What Doesn’t Kill Us: Book Talk

  • DATE

    14 March 2024

  • TIME

    6:00 pm to 7:00 pm

  • AGES

    All ages welcome




    The Portico Library
    57 Mosley St, Manchester, M2 3HY

Writer Ajay Close is in conversation about her new book set in late 70s Leeds: as a killer terrifies the city, women reclaim the streets. It’s Women’s History Month and this new book helps us reflect on the origins of the Reclaim the Streets Movement in Leeds.

It’s the eve of the 1980s. PC Liz Seeley joins the squad investigating the murders. With a violent boyfriend at home and male chauvinist pigs at work, she is drawn to a feminist collective led by the militant and uncompromising Rowena. There she meets Charmaine – young, Black, artistic, and fighting discrimination on two fronts.

As the list of victims grows and police fail to catch the killer, women across the north are too terrified to go out after dark. To the feminists, the Butcher is a symptom of wider misogyny. Their anger finds an outlet in violence and Liz is torn between loyalty to them and her duty as a police officer. Which way will she jump?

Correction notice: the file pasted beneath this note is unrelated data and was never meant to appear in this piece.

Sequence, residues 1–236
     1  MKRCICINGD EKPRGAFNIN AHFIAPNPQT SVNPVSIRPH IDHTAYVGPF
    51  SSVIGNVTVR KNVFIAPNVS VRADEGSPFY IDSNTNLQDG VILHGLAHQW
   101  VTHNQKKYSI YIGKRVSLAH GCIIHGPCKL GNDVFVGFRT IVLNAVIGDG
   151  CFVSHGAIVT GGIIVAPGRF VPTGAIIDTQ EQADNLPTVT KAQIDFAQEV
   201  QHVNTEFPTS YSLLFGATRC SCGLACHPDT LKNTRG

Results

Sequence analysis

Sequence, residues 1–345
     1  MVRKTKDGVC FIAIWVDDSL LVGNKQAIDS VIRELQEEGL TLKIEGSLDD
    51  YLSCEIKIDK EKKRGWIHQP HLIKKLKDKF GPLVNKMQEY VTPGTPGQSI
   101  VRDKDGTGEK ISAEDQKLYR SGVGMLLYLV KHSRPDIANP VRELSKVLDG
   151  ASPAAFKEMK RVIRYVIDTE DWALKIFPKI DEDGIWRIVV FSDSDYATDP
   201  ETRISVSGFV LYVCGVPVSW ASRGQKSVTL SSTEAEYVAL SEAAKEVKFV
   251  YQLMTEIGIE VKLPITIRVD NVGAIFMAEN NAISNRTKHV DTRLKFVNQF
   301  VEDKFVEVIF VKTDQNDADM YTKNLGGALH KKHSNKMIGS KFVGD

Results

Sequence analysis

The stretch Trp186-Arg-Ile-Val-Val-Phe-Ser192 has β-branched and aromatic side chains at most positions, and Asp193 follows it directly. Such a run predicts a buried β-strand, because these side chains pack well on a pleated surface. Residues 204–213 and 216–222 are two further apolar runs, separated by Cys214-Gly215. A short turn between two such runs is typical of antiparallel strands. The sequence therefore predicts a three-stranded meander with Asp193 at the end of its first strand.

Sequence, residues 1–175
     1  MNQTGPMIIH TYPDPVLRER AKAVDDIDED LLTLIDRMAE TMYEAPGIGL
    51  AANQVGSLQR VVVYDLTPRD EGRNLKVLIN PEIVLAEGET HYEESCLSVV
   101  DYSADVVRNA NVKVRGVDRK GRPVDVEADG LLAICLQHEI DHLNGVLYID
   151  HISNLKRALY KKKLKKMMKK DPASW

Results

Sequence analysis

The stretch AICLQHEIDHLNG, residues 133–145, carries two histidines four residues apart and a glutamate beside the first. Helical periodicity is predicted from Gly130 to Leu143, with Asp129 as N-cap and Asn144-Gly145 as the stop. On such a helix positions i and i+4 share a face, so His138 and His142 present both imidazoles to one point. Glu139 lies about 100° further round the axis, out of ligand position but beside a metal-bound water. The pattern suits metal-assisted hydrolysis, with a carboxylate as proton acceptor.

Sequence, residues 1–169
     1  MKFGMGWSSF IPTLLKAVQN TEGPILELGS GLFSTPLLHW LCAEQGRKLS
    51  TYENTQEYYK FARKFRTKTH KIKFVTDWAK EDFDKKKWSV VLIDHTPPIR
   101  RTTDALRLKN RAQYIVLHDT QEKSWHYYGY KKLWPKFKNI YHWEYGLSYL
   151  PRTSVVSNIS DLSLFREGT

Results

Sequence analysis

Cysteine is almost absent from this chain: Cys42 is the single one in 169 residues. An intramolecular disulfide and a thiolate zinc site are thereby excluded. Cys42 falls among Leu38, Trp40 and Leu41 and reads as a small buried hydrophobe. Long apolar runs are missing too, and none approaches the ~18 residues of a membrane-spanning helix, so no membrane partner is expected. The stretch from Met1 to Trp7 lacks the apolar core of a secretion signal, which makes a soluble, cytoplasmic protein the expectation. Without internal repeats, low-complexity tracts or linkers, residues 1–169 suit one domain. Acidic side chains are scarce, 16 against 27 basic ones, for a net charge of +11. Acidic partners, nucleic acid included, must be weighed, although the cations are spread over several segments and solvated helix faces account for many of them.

Ajay Close combines the tension of a police procedural with the power and passion of the women’s lib movement. By turns emotional, action-packed and darkly funny, What Doesn’t Kill Us reveals just how much the world has changed since the 1970s – and how much it hasn’t.

Ajay Close grew up in Yorkshire and, after her school years at a Sheffield comprehensive, studied at Cambridge. She worked at Granta before becoming a journalist and then a novelist. She is the author of six literary novels, of which her first, Official and Doubtful, was longlisted for the Orange Prize. Her novels are pacy, often political, page-turning, dealing with family and relationships under pressure, and can be read as thrillers. Her new novel, What Doesn’t Kill Us, is published by Saraband.